The qualitative research approach "aims to understand the social world through the viewpoint of respondents, detailed descriptions of cognitive and symbolic actions and the richness of meaning associated with observable behaviour," according to researcher Margaret Myers. Rather than a focus on numerical data that seeks to quantify and define norms, qualitative research describes trends, tolerates nuance and complexity, accounts for context, and searches for general patterns. However, this approach also reduces the barriers between researcher and subject--a situation which some feel renders impossible the goal of objectivity.
Qualitative research is often criticised for its lack of generalizabiltiy. The Colorado State University Writing Center defines generalizability as "the extension of research findings and conclusions from a study conducted on a sample population to the population at large." Because the qualitative approach tends to focus on the context and details that are unique to each research situation and usually involves only a small data set, results can be relative to the research setting and subjects. Qualitative research methods generally include in-depth interviews, fieldwork and participant observation: all methods that focus on a small group of subjects. However, proponents of the qualitative method may argue that generalizability should not always be a primary goal or value. Some studies may have little need of generalisation. An in-depth or locally-applicable study could actually have more value than a large, impersonal study in certain situations. According to Myers, "small qualitative studies can gain a more personal understanding of the phenomenon and the results can potentially contribute valuable knowledge to the community." Qualitative methods, such as case studies, can be especially valuable to field such as political science, social work and education.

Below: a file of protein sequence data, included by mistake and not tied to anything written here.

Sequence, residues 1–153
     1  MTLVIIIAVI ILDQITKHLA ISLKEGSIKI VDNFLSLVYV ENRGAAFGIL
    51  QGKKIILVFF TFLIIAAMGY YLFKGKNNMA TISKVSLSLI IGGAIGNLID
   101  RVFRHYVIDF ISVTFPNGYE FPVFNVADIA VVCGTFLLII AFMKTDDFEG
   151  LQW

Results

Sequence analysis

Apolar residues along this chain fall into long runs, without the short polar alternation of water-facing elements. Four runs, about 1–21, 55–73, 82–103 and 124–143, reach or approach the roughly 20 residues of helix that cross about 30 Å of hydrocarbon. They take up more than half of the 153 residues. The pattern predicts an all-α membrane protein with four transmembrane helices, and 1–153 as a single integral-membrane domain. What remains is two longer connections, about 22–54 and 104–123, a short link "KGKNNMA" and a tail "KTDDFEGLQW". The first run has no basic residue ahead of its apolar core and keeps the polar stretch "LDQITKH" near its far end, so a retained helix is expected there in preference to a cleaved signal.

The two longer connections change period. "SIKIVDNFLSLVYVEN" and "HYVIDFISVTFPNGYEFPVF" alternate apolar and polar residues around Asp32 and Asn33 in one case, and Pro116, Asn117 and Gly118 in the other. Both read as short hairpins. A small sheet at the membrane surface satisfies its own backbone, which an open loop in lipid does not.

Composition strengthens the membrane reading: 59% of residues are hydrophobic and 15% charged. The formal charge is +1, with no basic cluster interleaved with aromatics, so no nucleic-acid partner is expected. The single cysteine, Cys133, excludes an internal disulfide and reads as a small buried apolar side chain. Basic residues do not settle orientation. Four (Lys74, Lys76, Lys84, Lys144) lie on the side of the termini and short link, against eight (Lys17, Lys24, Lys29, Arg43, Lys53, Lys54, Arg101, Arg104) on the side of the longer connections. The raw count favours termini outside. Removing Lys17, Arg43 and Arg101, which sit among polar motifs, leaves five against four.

In order to be considered valid and credible, research must be replicable. In fact, in the world of empirical research, many feel that if a result cannot be replicated, the conclusion of a study cannot be valid. However, due to a tendency to focus on particular context and personal interpretation, qualitative research can be difficult to replicate. According to Princeton University's Andrew Moravcsik, "once theories and cases are selected, case study analyses tend to proceed almost entirely without explicit methodological rules--particularly with regard to the treatment of evidence. The selection, citation, and presentation of sources remain undisciplined and opaque." The lack of formalised methodology makes valid study replication very difficult.
Another common criticism of qualitative research is lack of objectivity. Because the researcher is usually an active participant in qualitative research--especially when engaged in methodologies such as interviews or participant observation--the researcher is not simply a detached, impartial recorder of data, as in quantitative research. Thus, qualitative research is considered "more easily influenced by the researcher's personal biases and idiosyncrasies," according to the University of South Alabama. Proponents of qualitative research argue that an emic, or insider's perspective, is helpful and even necessary when studying some types of subject matter.
- University of South Alabama: Strengths and Weaknesses of Qualitative Research
- Colorado State University, Writing Center: The Qualitative vs. Quantitative Debate
- University of Maryland, Laboratory for Automation Psychology and Decision Processes: The Psychology of Menu Selection
- Princeton University; Andrew Moravcsik; 2010: Active Citation a Precondition for Replicable Qualitative Research
- University of Connecticut: Neag Center for Gifted and Education and Talent Development
- "The Qualitative Report"; Margaret Myers; 2000: Qualitative Research and the Generalizability Question Standing Firm with Proteus